Some words about the ongoing struggle for basic human rights in New Orleans.

December 15, 2007 at 3:04 pm (frightening things, injustice, politics) (, , )

I’ve spent a lot of today reading about the government sponsored demolition of thousands of public housing units in New Orleans and the people who very recently stood to prevent the destruction of their homes.

When disaster struck New Orleans in the form of a hurricane, the general response by the public was revealing–and harrowing. Mostly because, well, there was no response. And now, years later, those who were forced from their homes are not seeing them rebuilt, but destroyed; abandoned and homeless at the hands of all government systems in place, supposedly, to protect its people.

Brownfemipower’s got much, much more, including a list of organizations working to fight the demolitions.

As a nation, we’ve done the people of New Orleans the highest of human disservices, and the absolute least we can do is keep them in the forefront of our thoughts.



  1. jonolan said,

    I would be interested in hearing an objective source describe the reason for the demolitions. With no reasons stated, I can’t form an opinion.

  2. Emily said,

    One immediate reason for the demolitions is that the Department for Housing and Urban Development is intent on making business by giving the property on which the public housing developments in question now stand to private real-estate developers that plan to profit from destroying what’s there and re-developing the land. Thing is, much of what’s planned for demolition is perfectly habitable, and so the demolition is unconstitutional and negligent of the needs of the people struggling to rebuild their lives there, to say the least.

    The first few links provided will lead to many more on the subject. Not sure whether or not they’ll fulfill your standards of objectivity, but that’s where I’d start. Good luck on your research.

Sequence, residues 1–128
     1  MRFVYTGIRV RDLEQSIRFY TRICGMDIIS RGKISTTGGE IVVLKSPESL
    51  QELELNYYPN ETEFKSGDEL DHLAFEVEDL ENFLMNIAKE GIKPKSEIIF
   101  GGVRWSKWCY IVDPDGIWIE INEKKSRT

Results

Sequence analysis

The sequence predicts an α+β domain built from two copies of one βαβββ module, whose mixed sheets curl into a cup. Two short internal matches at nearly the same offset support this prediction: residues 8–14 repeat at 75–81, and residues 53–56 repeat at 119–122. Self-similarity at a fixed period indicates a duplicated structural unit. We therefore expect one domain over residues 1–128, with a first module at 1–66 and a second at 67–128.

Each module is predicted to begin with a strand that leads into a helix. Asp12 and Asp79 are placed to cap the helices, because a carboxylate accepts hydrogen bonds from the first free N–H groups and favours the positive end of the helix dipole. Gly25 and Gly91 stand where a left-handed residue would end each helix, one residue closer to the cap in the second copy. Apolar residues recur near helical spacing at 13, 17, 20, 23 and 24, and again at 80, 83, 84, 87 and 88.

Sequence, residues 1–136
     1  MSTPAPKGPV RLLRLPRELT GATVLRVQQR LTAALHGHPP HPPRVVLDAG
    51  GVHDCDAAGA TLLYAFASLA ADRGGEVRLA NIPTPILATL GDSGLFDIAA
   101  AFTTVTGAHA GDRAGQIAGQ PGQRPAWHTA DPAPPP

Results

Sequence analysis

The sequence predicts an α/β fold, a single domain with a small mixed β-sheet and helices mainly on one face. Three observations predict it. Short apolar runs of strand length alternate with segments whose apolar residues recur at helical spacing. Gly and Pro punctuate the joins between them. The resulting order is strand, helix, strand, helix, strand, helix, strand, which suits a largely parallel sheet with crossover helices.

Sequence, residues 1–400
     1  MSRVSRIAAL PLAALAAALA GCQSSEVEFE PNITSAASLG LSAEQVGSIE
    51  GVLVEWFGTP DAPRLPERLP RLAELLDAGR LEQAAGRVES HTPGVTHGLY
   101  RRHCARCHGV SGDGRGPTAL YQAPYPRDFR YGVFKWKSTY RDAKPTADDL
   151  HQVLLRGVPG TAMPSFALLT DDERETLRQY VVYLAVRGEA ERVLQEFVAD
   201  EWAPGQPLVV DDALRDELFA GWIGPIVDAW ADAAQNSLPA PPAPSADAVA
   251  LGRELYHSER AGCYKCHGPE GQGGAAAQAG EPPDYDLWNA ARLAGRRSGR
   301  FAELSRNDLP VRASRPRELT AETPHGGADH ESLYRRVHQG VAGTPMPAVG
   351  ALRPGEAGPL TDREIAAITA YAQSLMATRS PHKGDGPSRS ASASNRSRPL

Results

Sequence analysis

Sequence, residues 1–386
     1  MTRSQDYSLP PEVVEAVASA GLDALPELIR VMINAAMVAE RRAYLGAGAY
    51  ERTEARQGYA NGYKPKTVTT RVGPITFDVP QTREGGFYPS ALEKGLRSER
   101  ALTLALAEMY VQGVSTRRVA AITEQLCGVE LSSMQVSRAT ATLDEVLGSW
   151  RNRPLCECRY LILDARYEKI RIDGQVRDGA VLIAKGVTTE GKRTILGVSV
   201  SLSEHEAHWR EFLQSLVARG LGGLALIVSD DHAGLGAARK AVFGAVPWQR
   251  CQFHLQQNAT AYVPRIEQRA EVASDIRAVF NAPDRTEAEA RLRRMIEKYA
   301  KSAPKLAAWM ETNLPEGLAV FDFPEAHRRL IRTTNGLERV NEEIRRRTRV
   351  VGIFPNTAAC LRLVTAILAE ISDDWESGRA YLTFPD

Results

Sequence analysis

3. jonolan said,

    I’d agree that it might be negligent, but it’s not in any way unconstitutional. The city can dispose of it’s property as it sees fit under State law, Common law, and Constitutional law. Claiming unconstitutionality just weakens your position – kind of like misuse of the “Race Card.” Of course legal doesn’t always equate with right or moral :(

  4. Daisy said,

    I think Meagan Day is down there protesting right now. According to Ari.

    Really fucked up stuff.

  5. Emily said,

    It’s entirely possible that I misunderstood some of the legal issues. I apologize if I misspoke. I’ll try later to clear that up…but right now I have to take a break from the blogosphere and get to work on some final papers for school.


  6. jonolan said,

    Good luck!

  7. Emily said,

    So, jonolan, upon backtracking (it’s now been awhile, or felt like a while, since I wrote the post) I think I’ve found what it was I was trying to get at when I called the demolitions unconstitutional and didn’t clarify which part of the debacle I was referring to. I hadn’t actually read this particular article before making that comment, but it’s includes the same information I went back to look for:

    On the eve of the holiday season, Greg Meffert, the city’s chief technology officer, revealed that the city would immediately demolish about 2,500 “red-tagged” homes in the Lower 9th Ward. Before Meffert’s announcement, a red-tag merely meant that a home was unsafe to enter. The City of New Orleans website specifically states in bold italicized text that “a red sticker does not indicate whether or not a building will be demolished, only that the structure is currently unsafe to enter.”

    Yet the City decided to bulldoze red-tagged homes without informing homeowners of the new meaning of the red tags or the demolition order. This is a clear violation of due process, guaranteed under federal and state constitutions, which protects property owners from the unlawful destruction of their property.

    Does that make more sense?

  8. jonolan said,

    Yes that does make more sense. Thank you for the update.

  9. Emily said,

    No problem at all.

  10. They just went and did it. « Our Descent Into Madness said,

    […] things, injustice, violence) So, the New Orleans City Council decided to go along with the planned demolitions of 4,500 public housing units which were home to many poor residents who will not be able to afford the more expensive housing […]

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